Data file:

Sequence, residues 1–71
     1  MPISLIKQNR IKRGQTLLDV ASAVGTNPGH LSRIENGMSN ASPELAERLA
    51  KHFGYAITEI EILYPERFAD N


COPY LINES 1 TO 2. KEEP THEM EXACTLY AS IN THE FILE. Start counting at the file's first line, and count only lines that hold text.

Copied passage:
Sequence, residues 1–71
     1  MPISLIKQNR IKRGQTLLDV ASAVGTNPGH LSRIENGMSN ASPELAERLA